Broken Gifts is a horrifying look into the depths of abuse and addiction, yet every chapter also seems to shine hope into the reader's rapidly beating heart. Looking back on the trauma in his life, Tyler Auck finds beauty. This beauty is as miraculous as a flower growing in the crack of a sidewalk. His story is awful. But, by the end of the book you will be cheering him on as he continues his journey in recovery. He shouldn't be alive today. But, he is. And he's kicking addiction's ass every step of the way.
Finding beauty in trauma
"God recently gave me a broken gift in the person of Tyler Auck. He is a man both broken and whole. The traumas of the past that broke him, have paradoxically, made him whole.
His style is honest, gritty, even earthy at times, but direct, expressive, insightful, and extraordinarily self-aware.
The first question the reader should have is, why isn’t Tyler dead yet? There are so many incidents in his life that should have already killed him. But the real reason to read Tyler’s memoir is to learn how to live. Tyler has not learned merely to survive, but to thrive, much like a flower growing out of a crack in the sidewalk. For all of the bad things that Tyler has done in his life, he has done even more good in his capacities as a family man, husband, friend, and addiction counselor.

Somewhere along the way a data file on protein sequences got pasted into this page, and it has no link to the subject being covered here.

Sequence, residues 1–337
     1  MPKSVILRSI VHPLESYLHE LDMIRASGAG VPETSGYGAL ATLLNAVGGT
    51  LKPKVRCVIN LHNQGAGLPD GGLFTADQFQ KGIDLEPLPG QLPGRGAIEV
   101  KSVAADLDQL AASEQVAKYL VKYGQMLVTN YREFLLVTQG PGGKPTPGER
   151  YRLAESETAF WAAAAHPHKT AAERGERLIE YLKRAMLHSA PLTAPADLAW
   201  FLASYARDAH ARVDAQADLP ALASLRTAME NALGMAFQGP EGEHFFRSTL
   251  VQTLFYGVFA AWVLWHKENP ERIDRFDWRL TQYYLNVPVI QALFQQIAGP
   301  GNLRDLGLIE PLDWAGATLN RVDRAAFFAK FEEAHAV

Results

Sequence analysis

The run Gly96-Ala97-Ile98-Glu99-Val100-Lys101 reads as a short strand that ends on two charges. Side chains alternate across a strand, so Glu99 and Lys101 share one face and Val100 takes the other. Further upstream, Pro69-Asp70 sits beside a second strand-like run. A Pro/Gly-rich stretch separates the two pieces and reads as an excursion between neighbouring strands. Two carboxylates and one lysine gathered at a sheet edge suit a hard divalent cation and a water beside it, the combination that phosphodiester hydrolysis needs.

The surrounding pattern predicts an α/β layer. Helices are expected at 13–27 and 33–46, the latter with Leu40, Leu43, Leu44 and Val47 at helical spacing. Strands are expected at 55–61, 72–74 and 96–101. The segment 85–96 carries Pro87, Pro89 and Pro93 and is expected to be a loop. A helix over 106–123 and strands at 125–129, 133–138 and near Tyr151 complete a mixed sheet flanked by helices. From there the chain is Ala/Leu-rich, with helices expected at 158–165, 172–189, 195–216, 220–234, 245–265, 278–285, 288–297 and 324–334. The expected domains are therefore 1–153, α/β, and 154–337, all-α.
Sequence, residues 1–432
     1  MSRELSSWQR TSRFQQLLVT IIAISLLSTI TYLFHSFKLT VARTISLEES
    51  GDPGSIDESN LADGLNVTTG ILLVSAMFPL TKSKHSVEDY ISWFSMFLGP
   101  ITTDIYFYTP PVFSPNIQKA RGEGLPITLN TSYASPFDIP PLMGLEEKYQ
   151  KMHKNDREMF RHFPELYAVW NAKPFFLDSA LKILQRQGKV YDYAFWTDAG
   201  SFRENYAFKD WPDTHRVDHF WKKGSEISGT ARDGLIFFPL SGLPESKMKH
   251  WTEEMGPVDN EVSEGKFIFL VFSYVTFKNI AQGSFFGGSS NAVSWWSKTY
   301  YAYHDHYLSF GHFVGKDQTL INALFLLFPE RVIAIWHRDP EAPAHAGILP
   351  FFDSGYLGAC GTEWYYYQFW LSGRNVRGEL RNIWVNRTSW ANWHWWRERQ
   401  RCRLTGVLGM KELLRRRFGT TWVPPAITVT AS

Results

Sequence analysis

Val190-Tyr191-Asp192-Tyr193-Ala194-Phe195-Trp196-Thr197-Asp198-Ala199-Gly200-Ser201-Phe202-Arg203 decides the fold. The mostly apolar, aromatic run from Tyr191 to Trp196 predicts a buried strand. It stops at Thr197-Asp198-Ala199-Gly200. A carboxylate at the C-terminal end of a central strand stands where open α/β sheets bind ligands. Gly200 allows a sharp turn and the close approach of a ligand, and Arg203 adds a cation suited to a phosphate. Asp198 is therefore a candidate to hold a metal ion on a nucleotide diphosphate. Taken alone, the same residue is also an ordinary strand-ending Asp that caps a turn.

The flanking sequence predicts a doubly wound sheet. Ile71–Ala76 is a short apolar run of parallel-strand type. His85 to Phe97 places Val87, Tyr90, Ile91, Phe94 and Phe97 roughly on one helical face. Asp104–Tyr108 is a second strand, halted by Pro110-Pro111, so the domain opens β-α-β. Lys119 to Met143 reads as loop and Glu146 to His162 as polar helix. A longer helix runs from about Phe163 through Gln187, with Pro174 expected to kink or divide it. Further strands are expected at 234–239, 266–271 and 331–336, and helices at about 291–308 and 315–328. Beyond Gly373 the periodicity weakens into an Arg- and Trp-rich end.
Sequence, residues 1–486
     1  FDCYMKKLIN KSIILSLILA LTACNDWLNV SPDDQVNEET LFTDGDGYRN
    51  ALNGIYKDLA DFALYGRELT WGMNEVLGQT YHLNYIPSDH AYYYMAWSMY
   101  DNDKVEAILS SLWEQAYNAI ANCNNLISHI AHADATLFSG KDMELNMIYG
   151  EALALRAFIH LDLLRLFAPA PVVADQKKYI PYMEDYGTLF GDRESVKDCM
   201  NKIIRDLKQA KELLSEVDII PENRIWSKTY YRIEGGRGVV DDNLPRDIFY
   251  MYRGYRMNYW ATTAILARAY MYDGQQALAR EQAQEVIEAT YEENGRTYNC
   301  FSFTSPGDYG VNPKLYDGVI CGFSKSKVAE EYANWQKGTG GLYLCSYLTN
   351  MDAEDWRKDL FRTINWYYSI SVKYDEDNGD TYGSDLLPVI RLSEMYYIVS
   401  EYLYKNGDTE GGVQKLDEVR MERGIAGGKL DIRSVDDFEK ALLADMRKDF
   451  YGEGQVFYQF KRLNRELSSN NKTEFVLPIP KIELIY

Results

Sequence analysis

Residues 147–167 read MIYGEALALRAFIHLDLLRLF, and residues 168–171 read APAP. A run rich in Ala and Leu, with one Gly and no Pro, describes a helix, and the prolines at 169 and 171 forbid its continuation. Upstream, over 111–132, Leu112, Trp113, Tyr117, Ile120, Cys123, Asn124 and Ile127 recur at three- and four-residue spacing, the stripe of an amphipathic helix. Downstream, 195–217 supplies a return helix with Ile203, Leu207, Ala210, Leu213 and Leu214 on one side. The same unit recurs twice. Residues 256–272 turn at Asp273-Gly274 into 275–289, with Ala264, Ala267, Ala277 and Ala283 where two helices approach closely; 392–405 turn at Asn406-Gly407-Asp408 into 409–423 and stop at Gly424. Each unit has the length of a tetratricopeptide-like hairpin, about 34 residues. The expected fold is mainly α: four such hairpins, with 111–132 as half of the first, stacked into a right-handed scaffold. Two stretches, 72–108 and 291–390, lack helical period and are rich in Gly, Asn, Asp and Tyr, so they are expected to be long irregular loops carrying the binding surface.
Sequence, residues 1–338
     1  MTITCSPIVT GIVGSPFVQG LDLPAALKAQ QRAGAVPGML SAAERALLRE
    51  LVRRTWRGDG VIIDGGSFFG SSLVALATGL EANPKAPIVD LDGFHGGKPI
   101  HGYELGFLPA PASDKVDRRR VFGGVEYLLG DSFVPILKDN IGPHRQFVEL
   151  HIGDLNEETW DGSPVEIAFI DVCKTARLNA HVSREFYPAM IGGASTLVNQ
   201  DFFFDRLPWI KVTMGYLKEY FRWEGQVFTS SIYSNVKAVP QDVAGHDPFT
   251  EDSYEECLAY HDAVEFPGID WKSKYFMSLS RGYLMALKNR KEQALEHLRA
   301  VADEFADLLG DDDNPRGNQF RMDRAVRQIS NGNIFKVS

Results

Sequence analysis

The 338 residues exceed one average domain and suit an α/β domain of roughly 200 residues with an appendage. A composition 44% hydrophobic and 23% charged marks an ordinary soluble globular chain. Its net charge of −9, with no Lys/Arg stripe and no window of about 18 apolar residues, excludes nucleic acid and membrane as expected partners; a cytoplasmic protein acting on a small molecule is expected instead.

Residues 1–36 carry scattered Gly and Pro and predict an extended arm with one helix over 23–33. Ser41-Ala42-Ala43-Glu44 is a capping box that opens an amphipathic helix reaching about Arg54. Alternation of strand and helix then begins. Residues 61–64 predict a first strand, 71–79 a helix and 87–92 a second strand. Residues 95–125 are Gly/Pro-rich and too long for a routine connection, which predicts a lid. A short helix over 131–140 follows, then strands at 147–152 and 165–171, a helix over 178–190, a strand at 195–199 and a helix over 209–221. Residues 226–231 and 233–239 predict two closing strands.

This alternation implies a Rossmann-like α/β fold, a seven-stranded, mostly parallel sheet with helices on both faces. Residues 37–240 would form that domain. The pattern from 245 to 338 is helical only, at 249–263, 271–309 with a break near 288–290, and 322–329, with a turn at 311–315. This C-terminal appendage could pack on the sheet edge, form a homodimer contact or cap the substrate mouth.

Tyler Auck, with the help of his Higher Power, family and friends, has transformed himself. He has a saying at the bottom of his emails: Love those that are hardest to love. In the brief months that we have been collaborators and friends, Tyler consistently applies this sentiment to all he meets.
Tyler himself is a ‘broken gift’ that God Almighty has loosed upon the local area. May his memoir be to you a story of a ‘broken gift’ – a story of failure and hopelessness and despair, but ultimately, a story of hope and faith and love."
-Kurt Peterson, Author of Q: The Very First Gospel
“Those who are hardest to love need it the most.”